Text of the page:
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September 21, 2008

Samir Chopra

It happened one night

Samir Chopra

It is commonplace amongst Indian commentators to trace the beginning of a particular kind of cricket mania to June 25th, 1983. I tend to agree, but only partially. My preferred date is March 3rd, 1985, when India played Australia at the MCG in the final Group A match of the Benson & Hedges World Championship of Cricket, held to commemorate the Victorian Cricket Association's Centenary. For that was the day that Indian cricket viewers first watched the live telecast of a cricket game from Australia (and since my memory isn't perfect, the first by Channel 9). And that was the day that cricket presented itself as a perfectly packaged televised spectacle, with plenty of glitter and gloss, 100 overs long, with a definite result at the end of it.

Those of us settling down on that rather chilly morning (Delhi winters sometimes packed a late punch) had little inkling of what was in store. It began innocently enough as Kapil sprinted to bowl the first delivery to Graeme Wood. As he did so, a scraping, knocking sound issued from our television sets, followed by the unmistakable sound of bat on ball. What had happened? It took us a few seconds to figure out that this was the famous "stump microphone" that we had read about. A few minutes later Robbie Kerr was gone, bowled Kapil Dev, and the sound his stumps made as they rattled was a sweet one indeed. Cricket had gone from being a game played far away on the ground to one that had a sudden, dynamic, physical immediacy. We were at the ground, in the midst of the action.

We watched the endless replays, the clarity of the images, the varied and multiple angles that covered the dismissals, and the clever graphics (prompted by Geoff Lawson's duck). We had not realized that all of this could be possibly associated with a cricket game. When India had won the World Cup in 1983, it had made cricketing success in one form of the game possible. What this Australian telecast did was make cricket into a form of entertainment that could be enjoyed by a much wider demographic; it made the far away spectacle of a game played by men in whites into a living-room tamasha of brightly attired athletic performers, displaying a perfectly tuned entertainer's sensibility. And of course, all of this on the magnificent stage of the cavernous MCG.

There were purely cricketing reasons too that day. India's 'quicks' smashed through the Aussie top-order, leaving them tottering at 4-17. Was it really possible that Indian opening bowlers could do this, in such brilliant clarity, to an opposing side? Especially one like the Australians (never mind that the Australian team that year was not particularly strong, it still held a certain fascination for Indian fans). A partial recovery saw the Aussies to 160. But with a mixture of Srikkanth-freneticism and Shastri-phlegmatism India strolled to that target. They had beaten Australia in Australia, on Australian television. The telecast magnified all of this. Our cricketers, in slo-mo, in close-up, viewed from various angles, praised to the high heavens by all these seemingly knowledgeable international cricketers whose names we had only read about, turned into demigods.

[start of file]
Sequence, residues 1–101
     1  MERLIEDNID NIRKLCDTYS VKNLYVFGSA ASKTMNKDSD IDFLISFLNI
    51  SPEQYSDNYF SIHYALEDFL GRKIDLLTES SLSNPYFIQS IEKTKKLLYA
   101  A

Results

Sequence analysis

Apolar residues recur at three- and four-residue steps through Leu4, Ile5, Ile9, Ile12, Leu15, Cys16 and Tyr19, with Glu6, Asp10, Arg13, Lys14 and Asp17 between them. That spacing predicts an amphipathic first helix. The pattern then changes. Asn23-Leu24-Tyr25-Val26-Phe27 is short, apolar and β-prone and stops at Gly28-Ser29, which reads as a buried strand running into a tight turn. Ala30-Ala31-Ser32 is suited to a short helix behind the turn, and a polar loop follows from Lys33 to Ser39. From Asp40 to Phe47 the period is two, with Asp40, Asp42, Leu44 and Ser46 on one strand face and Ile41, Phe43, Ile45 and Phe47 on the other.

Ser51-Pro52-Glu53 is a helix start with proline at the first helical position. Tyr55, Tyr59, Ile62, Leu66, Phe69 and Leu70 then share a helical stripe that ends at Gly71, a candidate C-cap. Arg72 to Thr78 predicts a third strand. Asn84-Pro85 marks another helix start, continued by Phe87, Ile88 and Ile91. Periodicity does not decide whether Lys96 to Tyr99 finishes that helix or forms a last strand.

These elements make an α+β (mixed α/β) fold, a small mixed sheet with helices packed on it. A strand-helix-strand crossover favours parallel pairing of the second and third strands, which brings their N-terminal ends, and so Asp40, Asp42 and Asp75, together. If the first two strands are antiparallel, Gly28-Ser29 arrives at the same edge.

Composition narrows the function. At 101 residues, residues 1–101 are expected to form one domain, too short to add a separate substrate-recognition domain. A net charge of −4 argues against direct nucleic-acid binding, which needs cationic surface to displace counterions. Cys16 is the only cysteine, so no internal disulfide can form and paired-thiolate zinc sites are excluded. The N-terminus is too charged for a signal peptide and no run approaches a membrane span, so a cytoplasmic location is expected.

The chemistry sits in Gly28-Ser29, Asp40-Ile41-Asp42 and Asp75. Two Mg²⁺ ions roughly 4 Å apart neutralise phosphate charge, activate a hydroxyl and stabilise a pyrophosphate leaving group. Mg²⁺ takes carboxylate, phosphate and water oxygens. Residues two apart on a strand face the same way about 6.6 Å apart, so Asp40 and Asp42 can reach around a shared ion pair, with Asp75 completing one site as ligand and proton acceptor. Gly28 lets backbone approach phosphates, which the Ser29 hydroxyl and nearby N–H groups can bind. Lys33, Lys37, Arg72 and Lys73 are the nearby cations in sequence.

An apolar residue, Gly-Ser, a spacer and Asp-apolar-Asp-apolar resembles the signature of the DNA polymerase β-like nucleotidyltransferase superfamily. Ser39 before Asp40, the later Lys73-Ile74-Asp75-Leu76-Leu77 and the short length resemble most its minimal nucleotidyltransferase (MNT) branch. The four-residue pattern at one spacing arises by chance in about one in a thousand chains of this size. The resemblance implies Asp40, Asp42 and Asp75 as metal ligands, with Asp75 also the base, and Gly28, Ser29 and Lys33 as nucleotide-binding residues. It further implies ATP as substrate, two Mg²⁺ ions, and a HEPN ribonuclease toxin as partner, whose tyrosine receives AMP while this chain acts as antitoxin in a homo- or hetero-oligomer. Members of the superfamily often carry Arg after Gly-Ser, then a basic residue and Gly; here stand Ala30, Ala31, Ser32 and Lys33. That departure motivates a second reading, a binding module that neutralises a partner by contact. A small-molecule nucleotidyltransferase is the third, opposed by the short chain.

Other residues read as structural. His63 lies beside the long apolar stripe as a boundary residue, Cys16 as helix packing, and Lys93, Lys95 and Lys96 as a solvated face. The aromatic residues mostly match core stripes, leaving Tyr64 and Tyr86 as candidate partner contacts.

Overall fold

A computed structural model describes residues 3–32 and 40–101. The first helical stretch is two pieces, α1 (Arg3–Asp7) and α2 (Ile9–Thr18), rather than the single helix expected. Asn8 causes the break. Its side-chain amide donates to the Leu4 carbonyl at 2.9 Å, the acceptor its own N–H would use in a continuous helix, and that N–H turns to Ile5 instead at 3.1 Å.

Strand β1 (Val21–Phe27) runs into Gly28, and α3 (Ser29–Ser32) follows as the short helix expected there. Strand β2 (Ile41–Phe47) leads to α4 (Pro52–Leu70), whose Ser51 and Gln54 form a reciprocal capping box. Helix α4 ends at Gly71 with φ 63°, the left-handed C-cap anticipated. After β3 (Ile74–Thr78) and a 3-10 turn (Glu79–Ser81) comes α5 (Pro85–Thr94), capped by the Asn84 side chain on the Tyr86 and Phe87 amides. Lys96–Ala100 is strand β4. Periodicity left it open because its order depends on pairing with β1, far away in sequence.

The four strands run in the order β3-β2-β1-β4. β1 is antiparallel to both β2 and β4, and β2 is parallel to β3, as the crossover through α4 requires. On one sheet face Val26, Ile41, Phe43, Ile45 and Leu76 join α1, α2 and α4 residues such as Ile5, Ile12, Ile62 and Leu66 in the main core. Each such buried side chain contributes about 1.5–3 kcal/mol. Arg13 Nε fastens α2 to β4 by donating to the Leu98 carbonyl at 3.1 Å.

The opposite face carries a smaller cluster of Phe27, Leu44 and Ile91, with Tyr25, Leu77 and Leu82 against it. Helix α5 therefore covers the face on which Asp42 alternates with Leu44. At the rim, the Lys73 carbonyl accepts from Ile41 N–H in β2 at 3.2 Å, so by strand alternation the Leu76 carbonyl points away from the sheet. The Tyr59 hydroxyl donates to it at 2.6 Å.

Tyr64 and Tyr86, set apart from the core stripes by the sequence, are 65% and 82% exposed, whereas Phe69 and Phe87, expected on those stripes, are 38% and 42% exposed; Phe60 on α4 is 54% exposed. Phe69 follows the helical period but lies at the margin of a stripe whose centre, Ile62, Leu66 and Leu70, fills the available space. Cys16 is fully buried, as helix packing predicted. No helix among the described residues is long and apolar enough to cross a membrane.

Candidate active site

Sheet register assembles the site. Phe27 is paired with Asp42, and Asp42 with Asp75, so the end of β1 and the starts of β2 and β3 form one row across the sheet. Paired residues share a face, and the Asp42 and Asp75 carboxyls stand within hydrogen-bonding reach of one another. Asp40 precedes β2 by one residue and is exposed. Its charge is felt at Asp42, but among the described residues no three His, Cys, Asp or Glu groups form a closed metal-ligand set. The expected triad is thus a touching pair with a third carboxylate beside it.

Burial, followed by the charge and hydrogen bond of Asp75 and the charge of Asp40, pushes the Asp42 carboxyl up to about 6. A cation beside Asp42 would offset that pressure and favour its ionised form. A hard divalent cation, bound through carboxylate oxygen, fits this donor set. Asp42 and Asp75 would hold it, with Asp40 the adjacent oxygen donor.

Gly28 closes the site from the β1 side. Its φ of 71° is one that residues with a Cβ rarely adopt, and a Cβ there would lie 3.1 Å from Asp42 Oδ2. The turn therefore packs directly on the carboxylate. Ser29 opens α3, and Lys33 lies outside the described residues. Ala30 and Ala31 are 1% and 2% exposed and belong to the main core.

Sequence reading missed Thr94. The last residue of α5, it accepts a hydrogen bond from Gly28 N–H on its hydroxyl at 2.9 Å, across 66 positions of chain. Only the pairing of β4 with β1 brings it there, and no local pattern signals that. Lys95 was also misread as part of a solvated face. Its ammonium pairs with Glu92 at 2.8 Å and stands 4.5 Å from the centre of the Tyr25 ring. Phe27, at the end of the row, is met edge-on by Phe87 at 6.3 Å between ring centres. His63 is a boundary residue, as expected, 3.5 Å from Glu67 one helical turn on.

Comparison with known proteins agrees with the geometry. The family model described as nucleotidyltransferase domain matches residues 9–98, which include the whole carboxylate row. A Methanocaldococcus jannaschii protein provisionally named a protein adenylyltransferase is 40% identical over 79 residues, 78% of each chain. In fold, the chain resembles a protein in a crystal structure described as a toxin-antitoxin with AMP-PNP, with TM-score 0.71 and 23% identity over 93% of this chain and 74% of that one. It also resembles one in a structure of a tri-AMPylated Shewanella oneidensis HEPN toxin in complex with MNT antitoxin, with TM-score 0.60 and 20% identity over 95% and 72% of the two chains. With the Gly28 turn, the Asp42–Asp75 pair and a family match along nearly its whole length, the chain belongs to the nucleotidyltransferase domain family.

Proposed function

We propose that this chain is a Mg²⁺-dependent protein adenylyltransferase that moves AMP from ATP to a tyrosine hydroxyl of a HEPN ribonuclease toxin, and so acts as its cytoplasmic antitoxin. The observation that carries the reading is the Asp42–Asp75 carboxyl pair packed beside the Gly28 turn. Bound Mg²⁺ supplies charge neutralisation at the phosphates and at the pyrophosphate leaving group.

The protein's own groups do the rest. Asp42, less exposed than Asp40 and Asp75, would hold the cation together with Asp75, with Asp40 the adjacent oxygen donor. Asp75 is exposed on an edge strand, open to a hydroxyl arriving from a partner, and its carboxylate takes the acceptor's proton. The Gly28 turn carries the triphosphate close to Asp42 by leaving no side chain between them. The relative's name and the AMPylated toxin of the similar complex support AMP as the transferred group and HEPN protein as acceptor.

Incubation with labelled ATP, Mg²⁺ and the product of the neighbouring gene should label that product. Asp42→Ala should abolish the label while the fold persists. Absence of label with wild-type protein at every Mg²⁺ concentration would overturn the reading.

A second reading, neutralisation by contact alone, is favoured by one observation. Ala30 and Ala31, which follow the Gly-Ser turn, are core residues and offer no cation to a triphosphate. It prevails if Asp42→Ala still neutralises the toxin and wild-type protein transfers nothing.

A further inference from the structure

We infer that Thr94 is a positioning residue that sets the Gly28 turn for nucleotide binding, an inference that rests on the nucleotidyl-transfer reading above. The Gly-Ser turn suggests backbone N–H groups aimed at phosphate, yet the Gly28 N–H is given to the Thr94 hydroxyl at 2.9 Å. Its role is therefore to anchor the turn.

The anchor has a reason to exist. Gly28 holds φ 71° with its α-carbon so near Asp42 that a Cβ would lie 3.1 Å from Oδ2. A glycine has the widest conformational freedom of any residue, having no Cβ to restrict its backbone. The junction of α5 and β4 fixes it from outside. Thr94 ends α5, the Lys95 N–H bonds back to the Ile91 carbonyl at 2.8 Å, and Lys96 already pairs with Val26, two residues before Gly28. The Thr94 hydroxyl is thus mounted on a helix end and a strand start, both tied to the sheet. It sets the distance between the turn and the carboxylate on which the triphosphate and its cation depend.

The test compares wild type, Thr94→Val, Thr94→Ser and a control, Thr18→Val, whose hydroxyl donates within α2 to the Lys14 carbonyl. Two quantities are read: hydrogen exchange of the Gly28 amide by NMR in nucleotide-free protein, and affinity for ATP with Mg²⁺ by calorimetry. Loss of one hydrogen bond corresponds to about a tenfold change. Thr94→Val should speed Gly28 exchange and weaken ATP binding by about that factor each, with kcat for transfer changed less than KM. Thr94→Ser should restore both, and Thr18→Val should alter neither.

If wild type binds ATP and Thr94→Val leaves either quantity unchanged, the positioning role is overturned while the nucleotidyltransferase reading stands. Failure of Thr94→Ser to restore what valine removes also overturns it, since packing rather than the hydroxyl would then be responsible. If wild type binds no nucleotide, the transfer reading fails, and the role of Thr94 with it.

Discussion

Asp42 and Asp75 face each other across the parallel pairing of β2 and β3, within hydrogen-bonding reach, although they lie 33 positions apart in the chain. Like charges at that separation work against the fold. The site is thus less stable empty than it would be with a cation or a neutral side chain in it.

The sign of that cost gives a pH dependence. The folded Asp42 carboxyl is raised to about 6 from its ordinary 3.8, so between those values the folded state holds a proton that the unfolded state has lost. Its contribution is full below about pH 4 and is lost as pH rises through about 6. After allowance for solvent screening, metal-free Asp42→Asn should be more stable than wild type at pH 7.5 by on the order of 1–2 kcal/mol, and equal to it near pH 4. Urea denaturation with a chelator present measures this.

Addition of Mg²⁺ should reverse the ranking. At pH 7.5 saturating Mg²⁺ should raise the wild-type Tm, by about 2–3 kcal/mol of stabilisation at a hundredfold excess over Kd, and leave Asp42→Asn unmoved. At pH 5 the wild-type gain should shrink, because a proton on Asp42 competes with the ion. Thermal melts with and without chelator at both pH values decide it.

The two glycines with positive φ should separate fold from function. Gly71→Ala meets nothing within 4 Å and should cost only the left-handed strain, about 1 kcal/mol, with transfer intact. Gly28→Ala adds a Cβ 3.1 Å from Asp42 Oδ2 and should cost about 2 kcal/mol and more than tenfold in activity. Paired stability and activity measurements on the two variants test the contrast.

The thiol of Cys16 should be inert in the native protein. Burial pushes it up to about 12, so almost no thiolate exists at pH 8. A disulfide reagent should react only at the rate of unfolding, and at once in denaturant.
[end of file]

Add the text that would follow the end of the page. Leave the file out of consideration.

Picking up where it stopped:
A week later, India beat Pakistan by the same comfortable margin in the final. The razzle-dazzle of the awards ceremony, the victory lap on the Audi, put the final touches to the pictures drawn for us that week. From now on, the game would always be linked with the televised spectacle, and Indian fans knew what they wanted to see on the tube.

Samir Chopra lives in Brooklyn and teaches Philosophy at the City University of New York. He tweets here

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Posted by aarkayne on (March 9, 2011, 21:28 GMT)

Continuing my previous comment here :

Still remember that semi-final against an inspired New Zealand side lead by the cunning and canny Jeremy Coney! Vengsarker and Kapil Dev's BRILLIANT partnership that won us that game.

The final with Pakistan that had both Imran and Javed Miandad in the team and how clinically we beat them. And of course the lap in the AUdi.

The current team needs to understand and get that sense of cohesiveness back, without which we are no world cup winners!!!!

Posted by aarkayne on (March 9, 2011, 21:26 GMT)

Thanks for taking me down memory lane....I was an engineering student and had to be a travelling nomad to be able to get into somebody's house each day of the match to watch the game, since we did not have one in the hostel. While on one day it would mean catching the action in b&w on other especially lucky days, it would be in color.